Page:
Oregon Gov. Kate Brown (D) signed a bill into law that allows police to confiscate privately-owned guns. The bill, SB 719 A, was introduced by Republican Sen. Brian Boquist and passed largely by Democratic legislators.
The bill gives the state the authority to confiscate guns belonging to law-abiding citizens if they are deemed a threat to themselves or others.
“[This law] creates the process for obtaining extreme risk protection order prohibiting person from possessing deadly weapon when court finds that person presents risk in near future, including imminent risk, of suicide or causing injury to another person,” reads a summary of the bill.
Critics of the bill point out that the law allows police to seize property without any form of due process.
“[It] allows people who are not mental health professionals, who may be mistaken, and who may only have minimal contact with the respondent to file a petition with the court and testify on the respondent’s state of mind,” said the NRA in a statement.
“This…order…strips the accused of their Second Amendment rights, would be issued by a judge based on the brief statement of the petitioner,” argues the NRA. “The accused would not be afforded the chance to appear in court to defend themselves against the allegations when the [order] is issued. These orders may be issued without any allegations of criminal behavior.”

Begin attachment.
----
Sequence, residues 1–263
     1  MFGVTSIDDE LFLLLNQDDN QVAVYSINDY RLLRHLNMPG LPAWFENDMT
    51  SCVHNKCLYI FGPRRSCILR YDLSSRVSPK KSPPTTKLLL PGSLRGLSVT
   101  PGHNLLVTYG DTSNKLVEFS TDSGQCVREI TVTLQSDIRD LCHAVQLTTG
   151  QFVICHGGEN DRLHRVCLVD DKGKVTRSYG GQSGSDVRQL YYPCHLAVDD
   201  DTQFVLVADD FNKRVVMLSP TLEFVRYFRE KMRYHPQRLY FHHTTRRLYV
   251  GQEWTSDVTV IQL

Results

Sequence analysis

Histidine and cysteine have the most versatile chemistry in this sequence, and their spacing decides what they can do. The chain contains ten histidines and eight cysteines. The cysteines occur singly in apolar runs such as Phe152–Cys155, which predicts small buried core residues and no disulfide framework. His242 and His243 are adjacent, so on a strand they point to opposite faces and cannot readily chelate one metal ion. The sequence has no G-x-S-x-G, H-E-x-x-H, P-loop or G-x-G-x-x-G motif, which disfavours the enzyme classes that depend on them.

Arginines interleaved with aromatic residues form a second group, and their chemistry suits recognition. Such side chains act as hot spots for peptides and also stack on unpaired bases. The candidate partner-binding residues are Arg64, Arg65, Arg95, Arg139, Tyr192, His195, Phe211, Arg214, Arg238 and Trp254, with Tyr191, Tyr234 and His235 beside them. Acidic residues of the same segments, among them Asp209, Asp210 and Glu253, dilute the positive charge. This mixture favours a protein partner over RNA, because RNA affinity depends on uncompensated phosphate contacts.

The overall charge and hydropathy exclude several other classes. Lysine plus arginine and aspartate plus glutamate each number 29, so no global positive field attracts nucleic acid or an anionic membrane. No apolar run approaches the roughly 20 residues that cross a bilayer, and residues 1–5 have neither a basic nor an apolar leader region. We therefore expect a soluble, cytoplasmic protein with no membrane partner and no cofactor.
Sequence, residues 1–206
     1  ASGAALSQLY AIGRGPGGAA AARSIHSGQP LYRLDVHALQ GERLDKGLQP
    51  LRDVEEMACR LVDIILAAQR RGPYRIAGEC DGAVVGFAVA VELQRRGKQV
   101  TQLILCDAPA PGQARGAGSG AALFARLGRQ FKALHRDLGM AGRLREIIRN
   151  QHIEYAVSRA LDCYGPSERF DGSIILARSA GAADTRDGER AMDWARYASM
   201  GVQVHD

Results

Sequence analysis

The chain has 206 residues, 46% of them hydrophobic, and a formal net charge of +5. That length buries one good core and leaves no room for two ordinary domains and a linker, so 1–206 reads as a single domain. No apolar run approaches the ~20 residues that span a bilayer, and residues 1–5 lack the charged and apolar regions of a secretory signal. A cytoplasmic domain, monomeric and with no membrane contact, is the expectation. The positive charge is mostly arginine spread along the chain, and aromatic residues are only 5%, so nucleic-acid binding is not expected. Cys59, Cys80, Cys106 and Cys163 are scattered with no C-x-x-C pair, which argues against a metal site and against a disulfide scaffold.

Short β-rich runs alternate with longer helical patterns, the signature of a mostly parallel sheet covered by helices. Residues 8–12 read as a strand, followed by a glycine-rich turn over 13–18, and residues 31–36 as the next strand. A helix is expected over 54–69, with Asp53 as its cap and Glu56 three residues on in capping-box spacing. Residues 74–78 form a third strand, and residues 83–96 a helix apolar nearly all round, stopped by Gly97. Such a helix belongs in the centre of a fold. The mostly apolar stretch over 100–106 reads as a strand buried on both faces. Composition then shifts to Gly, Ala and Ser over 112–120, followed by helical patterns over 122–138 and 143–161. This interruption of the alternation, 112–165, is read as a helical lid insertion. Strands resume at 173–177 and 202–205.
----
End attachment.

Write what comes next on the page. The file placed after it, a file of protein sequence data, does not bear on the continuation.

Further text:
In addition, the bill allows police to prevent people from purchasing guns without any criminal conviction. Gun-rights supporters point out that this can be used to harass would-be gun owners and prevent lawful gun ownership.
Kevin Starrett of the Oregon Firearms Federation said the law eliminates the “safeguard that protects a person’s right to have the means to protect themselves.”
Brown defended the bill saying that gun owners can sue to have their rights restored. She said the law is the “best way that a person who is at risk of harming themselves or others is identified, while still ensuring their rights are protected by a court review.”
Falsely filing a report against an individual carries a punishment of up to one year in jail or a fine up to $6,250.
Other states have attempted similar gun control schemes only to be shut down by the courts. Time will tell whether this new law suffers the same fate.